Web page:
The Behavioral Health Administration (BHA) funds treatment for individuals without insurance and pays for inpatient substance use treatment for individuals with Medicaid. Health First Colorado (Medicaid) and most commercial health insurance pay for outpatient substance use treatment, including MAT. If you cannot pay for treatment, most substance use providers use a sliding scale based on income and have financial counselors that can help you get health insurance.

Substance use providers may have a wait to get in. If you need immediate assistance, including access to a professional counselor, the Colorado Crisis Line is available 24/7. Call 1-844-493-8255 or text "TALK" to 38255.


Research on Opioids in Colorado


Resources Related to Medication-Assisted Treatment, Opioid Treatment Programs, and Opioid Use Disorders

National Resources

State Resources

  • Prescription Drug Monitoring Program Colorado Department of Regulatory Agencies
  • Colorado Consortium for Prescription Drug Abuse Prevention
  • Lift The Label Behavioral Health Administration
  • OpiRescue
  • Community Reinforcement and Family Training with Prevention (CRAFT-P)

    The Behavioral Health Administration is utilizing State Opioid Response (SOR) funding to support the friends and family members of loved ones struggling from substance use disorders. The two evidence-based practices being used to support family members and friends with an addiction include the Community Reinforcement and Family Training with Prevention (CRAFT-P) and the Incredible Years! Program. These programs are being implemented via telehealth and in-person throughout Colorado. These programs are free for participants and are supported in a group format. Both programs are being implemented on a weekly basis.
    -Find a group by city (or use the filters to search by day of the week or county)
    -Find an online CRAFT Group through We The Village, scroll down to “Find A Group To Join”

    CRAFT-P is an evidence-based program that supports the family members and friends of people struggling with substance use disorders. This behavior modification program helps loved ones of a person struggling with a substance use disorder accomplish the following goals: 1) reduce substance use within the family, 2) encourage the person struggling with substance use disorder to engage into treatment (if already engaged, encourage to stay engaged in treatment program), 3) help family members enrich their own lives through teaching self-care techniques.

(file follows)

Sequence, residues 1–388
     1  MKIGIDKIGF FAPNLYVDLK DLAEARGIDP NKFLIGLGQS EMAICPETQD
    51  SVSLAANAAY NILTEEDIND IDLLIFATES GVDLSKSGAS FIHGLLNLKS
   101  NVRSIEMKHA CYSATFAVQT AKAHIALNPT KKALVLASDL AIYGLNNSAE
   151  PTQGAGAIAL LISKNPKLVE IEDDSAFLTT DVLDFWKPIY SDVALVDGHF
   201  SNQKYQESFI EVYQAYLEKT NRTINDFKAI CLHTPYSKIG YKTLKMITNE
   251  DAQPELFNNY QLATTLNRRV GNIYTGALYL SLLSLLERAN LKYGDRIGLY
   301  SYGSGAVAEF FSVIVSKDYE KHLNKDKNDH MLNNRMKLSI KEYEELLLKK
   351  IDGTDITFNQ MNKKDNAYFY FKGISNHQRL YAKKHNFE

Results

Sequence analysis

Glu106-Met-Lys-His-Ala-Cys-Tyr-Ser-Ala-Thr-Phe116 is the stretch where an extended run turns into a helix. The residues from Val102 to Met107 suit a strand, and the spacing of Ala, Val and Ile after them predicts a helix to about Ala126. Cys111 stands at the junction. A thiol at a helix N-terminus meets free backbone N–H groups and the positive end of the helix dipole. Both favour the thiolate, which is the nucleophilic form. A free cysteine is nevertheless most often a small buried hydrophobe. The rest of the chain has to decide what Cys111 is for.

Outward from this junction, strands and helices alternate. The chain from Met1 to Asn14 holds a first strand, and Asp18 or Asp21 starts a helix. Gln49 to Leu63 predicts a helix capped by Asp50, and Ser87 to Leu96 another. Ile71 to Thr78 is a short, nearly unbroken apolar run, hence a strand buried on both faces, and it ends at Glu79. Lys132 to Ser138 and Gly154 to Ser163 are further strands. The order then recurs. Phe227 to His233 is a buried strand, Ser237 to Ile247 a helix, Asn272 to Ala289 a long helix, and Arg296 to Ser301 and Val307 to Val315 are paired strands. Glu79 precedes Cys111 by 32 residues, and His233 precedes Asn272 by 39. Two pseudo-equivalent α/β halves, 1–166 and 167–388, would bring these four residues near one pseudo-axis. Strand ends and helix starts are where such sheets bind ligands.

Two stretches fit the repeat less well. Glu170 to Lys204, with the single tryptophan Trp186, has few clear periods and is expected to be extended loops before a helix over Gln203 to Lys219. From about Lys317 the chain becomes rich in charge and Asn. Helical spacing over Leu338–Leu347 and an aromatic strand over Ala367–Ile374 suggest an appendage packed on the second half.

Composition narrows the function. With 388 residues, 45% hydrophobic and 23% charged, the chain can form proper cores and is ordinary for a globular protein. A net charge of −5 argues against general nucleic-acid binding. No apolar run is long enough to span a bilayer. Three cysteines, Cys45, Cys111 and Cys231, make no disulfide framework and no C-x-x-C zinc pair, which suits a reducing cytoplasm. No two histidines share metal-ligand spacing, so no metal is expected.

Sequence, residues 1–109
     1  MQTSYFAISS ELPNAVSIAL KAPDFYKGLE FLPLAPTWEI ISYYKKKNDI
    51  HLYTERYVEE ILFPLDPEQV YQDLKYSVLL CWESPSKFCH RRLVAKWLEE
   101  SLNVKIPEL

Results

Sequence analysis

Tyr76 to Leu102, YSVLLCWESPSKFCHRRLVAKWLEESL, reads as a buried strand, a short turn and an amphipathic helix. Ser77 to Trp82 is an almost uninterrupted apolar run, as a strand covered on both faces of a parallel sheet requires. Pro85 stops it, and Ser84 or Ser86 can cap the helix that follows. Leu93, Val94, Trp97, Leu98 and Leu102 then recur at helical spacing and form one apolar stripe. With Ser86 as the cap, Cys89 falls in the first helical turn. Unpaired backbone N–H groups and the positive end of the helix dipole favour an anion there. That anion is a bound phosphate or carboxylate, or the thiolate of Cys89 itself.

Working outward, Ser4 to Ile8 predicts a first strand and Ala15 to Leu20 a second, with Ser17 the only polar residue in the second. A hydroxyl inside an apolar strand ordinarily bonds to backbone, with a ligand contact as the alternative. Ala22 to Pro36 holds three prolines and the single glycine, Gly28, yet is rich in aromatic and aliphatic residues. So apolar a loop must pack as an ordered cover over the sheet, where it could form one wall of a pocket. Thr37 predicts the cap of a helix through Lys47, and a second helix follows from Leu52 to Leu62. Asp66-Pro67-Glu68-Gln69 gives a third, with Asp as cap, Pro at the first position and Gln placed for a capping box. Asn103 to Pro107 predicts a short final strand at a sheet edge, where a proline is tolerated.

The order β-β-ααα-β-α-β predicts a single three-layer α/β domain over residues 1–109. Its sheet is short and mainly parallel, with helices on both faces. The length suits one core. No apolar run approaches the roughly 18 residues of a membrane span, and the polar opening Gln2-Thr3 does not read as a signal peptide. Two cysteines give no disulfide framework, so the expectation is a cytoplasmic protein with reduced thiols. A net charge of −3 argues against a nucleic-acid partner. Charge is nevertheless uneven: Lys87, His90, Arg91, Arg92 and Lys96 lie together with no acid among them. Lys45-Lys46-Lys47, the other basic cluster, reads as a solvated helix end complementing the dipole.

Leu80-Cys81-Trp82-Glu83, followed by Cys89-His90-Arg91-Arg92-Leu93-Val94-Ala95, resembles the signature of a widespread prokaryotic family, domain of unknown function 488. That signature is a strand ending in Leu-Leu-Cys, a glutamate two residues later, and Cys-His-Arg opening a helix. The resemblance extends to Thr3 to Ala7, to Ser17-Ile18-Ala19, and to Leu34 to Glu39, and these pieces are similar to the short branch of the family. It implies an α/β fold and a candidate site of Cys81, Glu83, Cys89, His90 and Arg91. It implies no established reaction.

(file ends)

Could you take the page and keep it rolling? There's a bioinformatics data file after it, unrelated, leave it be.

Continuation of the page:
Research has shown that seven out of ten family members who participate in the CRAFT program are successful in engaging their loved one into a treatment program. This program works across the continuum of care (prevention, treatment, recovery) and aims to collaborate with community partners and existing resources in communities. CRAFT-P is currently being implemented in a number of different settings: outpatient substance use disorder clinics, mental health centers, recovery communities, harm reduction centers, psychiatric settings, schools, and therapists with private practices. Some family graduates of the CRAFT program have become trained in this model and are now implementing groups in their communities.

    The Incredible Years! Program is an evidence-based practice focused on strengthening parenting competencies and fostering parent involvement in children’s school experiences, to promote children’s academic, social and emotional skills and reduce conduct problems. The parenting program from children 0-12 years old. 

Provider Resources

Services and Supports

Education and Training Resources




For more information about Colorado's State Targeted Response to the Opioid Crisis programs and services, please contact:

Amy Cooper, Associate Director of Adult Treatment and Recovery
Behavioral Health Administration
amy.cooper@state.co.us| 720.315.5640